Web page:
Welcome to The Pixel Project’s “30 For 30” Father’s Day Campaign 2012! In honour of Father’s Day, we created this campaign:

  • To acknowledge the vital role Dads play in families, cultures and communities worldwide.
  • To showcase good men from different walks of life who are fabulous positive non-violent male role models.

Through this campaign, we will be publishing a short interview with a different Dad on each day of the month of June.

Our fourteenth “30 For 30” Dad is Fairul Reeza from Malaysia.

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The Dad Bio (In His Own Words):

I have been a banker, a dive instructor, a journalist, a snowboarding instructor (yes, one plank will do just fine, thank you) a climber, a teacher and a cook with, thankfully, a fair amount of success in each and the privilege to leave when it was time to. Since joining the fight for a better world in my own little consultancy (www.brown.my), I became a father for the first time at 40 when Kanoa Ma Kai joined us in February 2012 and am enjoying every bit of this tiny morsel we call “Life with Kanoa” for as long as we have each other.

Fairul Reeza and his son Kanoa

1. What is the best thing about being a dad?

Seeing Kanoa smile. Seeing him recognise my face and light up, and start agitating to be picked up or played with. To see these things and realise later that when I am with him, all my troubles just magically disappear, and the only thing there is him. All the pain, all the ugly, horrible things I might have seen, done, been through or come across before. Gone.

I remember telling my wife once that I’d give my life up for my parents in an instant – that if you flipped a coin I’d have said “Take me instead” while it was still in the air, and she was now in that category. Kanoa, too, falls into that category now.

I think that’s the best thing about being a dad: you don’t realise it but suddenly there’s this ABSOLUTE love that simply overtakes everything without you even knowing how it happened. Or maybe that IS what it is. Whatever, it is WAY cool, and I’ll always be humbled for how absolute that feeling can be, and thankful for the blessing I’ve received to feel it with someone.

2. A dad is usually the first male role model in a person’s life and fathers do have a significant impact on their sons’ attitude towards women and girls. How has your father influenced the way you see and treat women and girls?

My dad was old school, military: Yes sir, no sir, right away sir. All our clothes were folded in EXACTLY the same dimensions, proportions and ironed razor sharp since I could remember.

And yet every afternoon, he’d lovingly call out from the kitchen and ask my mum if she’d like some coffee as he made some for himself; every barbeque, he’d teach us to make sure “the girls” were served first, before the men should even start. Put ourselves in between them and men of evil intent regardless of how many there were, what they held in their hands, or what they agitated to do, You stand firm, and handle what comes because that’s who you are — you are the protectors of your family and you will die protecting them if that’s what it takes.

3. Communities and activists worldwide are starting to recognise that violence against women is not a “women’s issue” but a human rights issue and that men play a role in stopping the violence. How do you think fathers and other male role models can help get young men and boys to take an interest in and step up to help prevent and stop violence against women?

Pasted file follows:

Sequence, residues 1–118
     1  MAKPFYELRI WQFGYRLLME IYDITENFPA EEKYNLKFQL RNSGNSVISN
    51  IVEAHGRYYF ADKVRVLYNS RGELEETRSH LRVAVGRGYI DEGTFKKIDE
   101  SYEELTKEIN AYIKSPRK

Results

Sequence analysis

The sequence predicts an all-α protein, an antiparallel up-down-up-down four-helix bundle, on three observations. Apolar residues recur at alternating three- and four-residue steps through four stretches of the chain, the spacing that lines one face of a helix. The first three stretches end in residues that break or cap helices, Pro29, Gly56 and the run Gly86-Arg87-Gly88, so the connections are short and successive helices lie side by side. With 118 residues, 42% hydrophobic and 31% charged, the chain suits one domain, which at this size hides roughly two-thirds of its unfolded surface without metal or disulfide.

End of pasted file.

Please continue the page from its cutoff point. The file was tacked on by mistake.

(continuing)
For some reason, since we started talking to Kanoa in the womb, we’d always made it a point to start with the salaam, wishing him peace and all God’s blessings before we even start anything in life. I’d tell him ever so often that I hope for him to grow to be a strong, GOOD man, and when all is said and done, remember that however strong and good you are, “it would be nothing if you didn’t care for and take care of your mum, so please, always take care of your mother, ok?”

All of this continues to this day, every single day. When I head off to work, I kiss both his mum and Kanoa goodbye, and tell him to take care of mummy. As he grows up, hopefully he’ll see how we carry ourselves and realise that there is so much love in this world and it is so much better than the hate he sees outside, and that he will want to replicate what’s in our home. I can’t speak for the rest of the world, but all I can say and do is my best by him and his mum, and hope he takes to it too.

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Want to honour your Dad in a different way this Father’s Day without breaking the bank?

We offer two (2) easy and fabulous options:

Option A: Make a Small Donation

Help us raise US$3000 or more this June by donating US$30 on behalf of your dad to our Celebrity Male Role Model Pixel Reveal campaign to help unveil our first superstar Celebrity Male Role Model – a beloved Nobel Laureate. US$30 will unveil 30 pixels and proceeds from the pixel sales are in benefit of the USA’s National Coalition Against Domestic Violence and Malaysia’s Women’s Aid Organisation.

Click here to donate: https://reveal.thepixelproject.net/buy-pixels/

Option B: Dedicate a Song to Him

For just $0.99, you can download our first Music For Pixels song – a cover of ‘The Rose’ by AHMIR, YouTube’s #1 R&B group and load it onto your Dad’s computer’s iTunes or digital music player. Not sure about it? Listen before you buy here:

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